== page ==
Session: Last Millennium & Past2K
Author: Kamolphat Atsawawaranunt / K.Atsawawaranunt@reading.ac.uk / University of Reading
Co-author: Sandy P. Harrison, University of Reading;
I. Colin Prentice, Imperial College London;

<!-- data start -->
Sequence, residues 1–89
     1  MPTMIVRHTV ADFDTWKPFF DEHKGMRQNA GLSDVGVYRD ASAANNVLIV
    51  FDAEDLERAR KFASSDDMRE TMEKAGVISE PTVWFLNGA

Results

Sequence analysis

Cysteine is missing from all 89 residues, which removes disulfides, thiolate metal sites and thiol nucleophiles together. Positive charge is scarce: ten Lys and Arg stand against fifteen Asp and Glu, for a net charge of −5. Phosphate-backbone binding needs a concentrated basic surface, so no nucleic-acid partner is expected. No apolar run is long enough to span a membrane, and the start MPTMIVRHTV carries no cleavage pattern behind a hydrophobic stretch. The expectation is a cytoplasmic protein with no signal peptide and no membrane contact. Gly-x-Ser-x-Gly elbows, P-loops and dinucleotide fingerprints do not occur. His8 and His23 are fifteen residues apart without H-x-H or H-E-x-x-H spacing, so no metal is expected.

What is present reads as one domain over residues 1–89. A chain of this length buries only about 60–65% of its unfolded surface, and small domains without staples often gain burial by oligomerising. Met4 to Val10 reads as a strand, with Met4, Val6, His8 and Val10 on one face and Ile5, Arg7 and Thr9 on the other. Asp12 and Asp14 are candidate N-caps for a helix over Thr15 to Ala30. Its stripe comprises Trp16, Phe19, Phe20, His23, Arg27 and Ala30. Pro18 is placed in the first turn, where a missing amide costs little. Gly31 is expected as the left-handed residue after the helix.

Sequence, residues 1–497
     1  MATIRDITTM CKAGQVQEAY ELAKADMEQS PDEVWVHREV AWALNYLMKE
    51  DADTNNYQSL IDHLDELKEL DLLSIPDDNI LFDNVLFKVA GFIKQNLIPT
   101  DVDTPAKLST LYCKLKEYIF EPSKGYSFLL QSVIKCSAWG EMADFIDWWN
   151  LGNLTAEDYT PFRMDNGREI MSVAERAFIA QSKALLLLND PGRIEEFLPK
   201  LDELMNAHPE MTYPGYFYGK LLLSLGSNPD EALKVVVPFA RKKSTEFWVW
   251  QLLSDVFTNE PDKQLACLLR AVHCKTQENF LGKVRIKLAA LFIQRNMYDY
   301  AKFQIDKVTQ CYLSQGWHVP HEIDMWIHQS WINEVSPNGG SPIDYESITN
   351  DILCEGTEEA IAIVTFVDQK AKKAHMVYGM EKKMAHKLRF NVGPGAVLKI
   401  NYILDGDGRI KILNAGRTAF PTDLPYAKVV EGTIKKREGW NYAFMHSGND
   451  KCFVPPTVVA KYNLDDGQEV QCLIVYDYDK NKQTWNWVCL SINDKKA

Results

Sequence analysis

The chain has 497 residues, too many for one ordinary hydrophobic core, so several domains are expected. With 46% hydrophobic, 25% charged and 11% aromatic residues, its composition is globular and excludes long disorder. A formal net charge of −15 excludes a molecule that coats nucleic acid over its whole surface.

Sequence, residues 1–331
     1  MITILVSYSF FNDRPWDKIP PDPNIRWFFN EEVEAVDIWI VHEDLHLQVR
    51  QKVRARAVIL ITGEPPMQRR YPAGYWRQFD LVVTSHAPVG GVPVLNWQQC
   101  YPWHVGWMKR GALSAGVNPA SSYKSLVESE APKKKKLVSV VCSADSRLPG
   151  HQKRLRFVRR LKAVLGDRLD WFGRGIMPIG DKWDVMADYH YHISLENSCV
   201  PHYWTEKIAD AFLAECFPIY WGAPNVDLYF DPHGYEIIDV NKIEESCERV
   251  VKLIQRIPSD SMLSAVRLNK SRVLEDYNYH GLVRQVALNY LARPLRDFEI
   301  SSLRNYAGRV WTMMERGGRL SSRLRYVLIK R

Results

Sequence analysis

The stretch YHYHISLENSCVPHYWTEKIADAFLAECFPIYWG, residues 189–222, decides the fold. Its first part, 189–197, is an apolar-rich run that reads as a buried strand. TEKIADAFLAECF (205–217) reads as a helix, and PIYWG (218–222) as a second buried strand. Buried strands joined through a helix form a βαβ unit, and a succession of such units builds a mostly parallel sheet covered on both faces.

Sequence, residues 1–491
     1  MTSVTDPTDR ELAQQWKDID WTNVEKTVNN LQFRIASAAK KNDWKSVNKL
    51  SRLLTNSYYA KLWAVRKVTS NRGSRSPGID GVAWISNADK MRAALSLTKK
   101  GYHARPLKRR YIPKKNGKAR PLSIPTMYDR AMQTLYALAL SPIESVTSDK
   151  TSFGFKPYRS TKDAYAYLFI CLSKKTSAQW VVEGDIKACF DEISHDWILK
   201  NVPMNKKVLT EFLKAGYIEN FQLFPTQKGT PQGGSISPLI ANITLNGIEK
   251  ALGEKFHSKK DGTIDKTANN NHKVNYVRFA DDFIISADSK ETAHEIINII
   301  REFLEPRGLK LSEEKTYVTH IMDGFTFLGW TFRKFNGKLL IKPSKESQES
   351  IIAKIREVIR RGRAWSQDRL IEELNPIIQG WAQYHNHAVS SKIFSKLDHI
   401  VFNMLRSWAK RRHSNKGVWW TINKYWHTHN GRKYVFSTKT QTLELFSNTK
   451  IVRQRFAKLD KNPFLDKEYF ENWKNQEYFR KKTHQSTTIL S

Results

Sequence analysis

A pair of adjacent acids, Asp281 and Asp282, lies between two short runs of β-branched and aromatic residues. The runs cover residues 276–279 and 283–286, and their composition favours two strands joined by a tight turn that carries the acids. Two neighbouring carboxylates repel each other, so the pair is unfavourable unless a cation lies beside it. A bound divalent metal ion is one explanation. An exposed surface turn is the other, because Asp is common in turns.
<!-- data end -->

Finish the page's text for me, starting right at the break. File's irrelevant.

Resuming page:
Climate changes during the Last Millennium were insufficient to cause major changes in vegetation distribution, but did cause changes in vegetation productivity that are documented e.g. in peatland accumulation rates. We use a light-use efficiency model, the P model, to simulate changes in gross primary productivity driven by outputs from an ensemble of CMIP5/PMIP3 Last Millennium simulations. Temporal changes in GPP reflect changes in light (PAR) modulated by changes in cloud cover, atmospheric drought as reflected by vapour pressure deficit (VPD), growing season temperature and CO2. The relative importance of these factors varies spatially. For example, while the effect of increasing CO2 is always positive, the impact of such changes is larger in more arid regions because it enhances water-use efficiency. Although the differences in simulated climate between the Medieval Warm Anomaly (MWA: 1000-1200 CE) and the Little Ice Age (LIA: 1600-1800 CE) only resulted in moderate changes in GPP globally, regional differences can be large and thus should be discernable in palaeorecords. Despite broadscale similarities in GPP changes between members of the ensemble, there are differences between the individual simulations. Thus, comparison of the simulated temporal and spatial patterns in GPP with palaeoenvironmental records should allow discrimination between different models and different forcings. Furthermore, the impact of large volcanic events is seen in the simulated GPP, again offering the potential to evaluate the realism of alternative forcings and individual model responses.